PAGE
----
Have you tried Sidemount diving? As our guest Simon discovered this week, sidemount diving is not just for serious technical divers (although they love it, too). Benefits include more comfort in the water, better buoyancy control, improved streamlining, and additional safety thanks to having a redundant air supply and a completely separate regulator.
Meet Singaporean Sing Yi. She came to Two Fish Tech in December to dip her toes into technical diving and had some concerns about being able to handle the amount of equipment involved. Whilst we do carry more on technical dives, we strongly believe that excellent skills and thorough planning make a good technical diver much more so than physical strength does. Here’s how Sing Yi’s time with us went:
This week we said a big hello to welcome Yvonne to Bunaken – and we’ve also had an impromptu Koh Tao reunion.
It’s been a busy week for technical diving in Bunaken with Chris visiting from Koh Tao to do as many fun tech dives as possible.
The deep reef at Bunaken is what makes this area an ideal location for technical diving. A question that really puzzles me, but I get asked over and over, why do you tech dive here, there is so much to see? Does that not really answer itself? Perhaps people’s perception of tech diving is groping about in zero visibility on the end of a reel, and yes sometimes it is like that. However other than training dives where the object is just to accomplish the dive and put skills learnt into practise, and location and environment will dictate whether there is anything to see or not; a technical recreational dive, (we are paying for the privilege of these dives after all) should have an objective worth the time and expense of the gear and training that it took to get you there.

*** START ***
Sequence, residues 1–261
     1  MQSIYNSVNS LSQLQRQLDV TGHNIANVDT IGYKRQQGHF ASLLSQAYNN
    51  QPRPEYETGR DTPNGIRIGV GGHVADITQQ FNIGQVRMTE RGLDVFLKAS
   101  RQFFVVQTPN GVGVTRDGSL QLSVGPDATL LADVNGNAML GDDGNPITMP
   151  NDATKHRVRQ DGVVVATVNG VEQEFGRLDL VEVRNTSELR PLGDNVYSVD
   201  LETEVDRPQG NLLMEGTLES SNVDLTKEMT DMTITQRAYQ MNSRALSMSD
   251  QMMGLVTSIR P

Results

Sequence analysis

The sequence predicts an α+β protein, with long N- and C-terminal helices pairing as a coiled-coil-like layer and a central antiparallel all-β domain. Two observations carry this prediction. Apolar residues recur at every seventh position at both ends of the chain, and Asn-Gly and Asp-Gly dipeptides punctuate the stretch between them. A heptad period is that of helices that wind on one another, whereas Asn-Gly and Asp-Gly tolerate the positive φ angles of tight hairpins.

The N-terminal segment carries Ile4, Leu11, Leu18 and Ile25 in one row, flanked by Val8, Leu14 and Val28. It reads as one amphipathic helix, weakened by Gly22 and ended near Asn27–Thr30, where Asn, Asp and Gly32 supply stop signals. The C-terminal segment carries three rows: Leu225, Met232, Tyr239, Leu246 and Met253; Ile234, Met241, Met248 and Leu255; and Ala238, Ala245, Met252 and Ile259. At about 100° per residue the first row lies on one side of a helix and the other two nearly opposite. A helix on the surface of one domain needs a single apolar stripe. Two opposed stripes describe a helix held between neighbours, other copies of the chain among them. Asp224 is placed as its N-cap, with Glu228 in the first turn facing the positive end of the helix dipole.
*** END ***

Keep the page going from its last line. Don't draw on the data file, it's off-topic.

Its hammer time at Bunaken! I have been very lucky with sightings this past year at Bunaken. A huge Mola Mola in the shallows at Fukui, thresher sharks both deep at Muka and during an open water course at Lekuan Tiga, dolphins at Tanjung Parigi, and surface and snorkel sightings of Manta, Pilot Whales, Black Marlin and Sailfish: but it was still a thrill to be checked out by a stocky Scalloped Hammerhead shark. The shark did a slow cautious swim by at 50m then edged off into the gloom. That was great! Myself and Danny were very chuffed, but felt a little bit bad for Rachel who had chosen that morning to take off, ouch! Then I hear an excited shout from Danny, the shark had circled around us and was waiting for us on the reef, between the two of us making sure each other had seen it and both of us grabbing for cameras it is no wonder the poor shark got a fright. Boom, off like a rocket into the gloom again!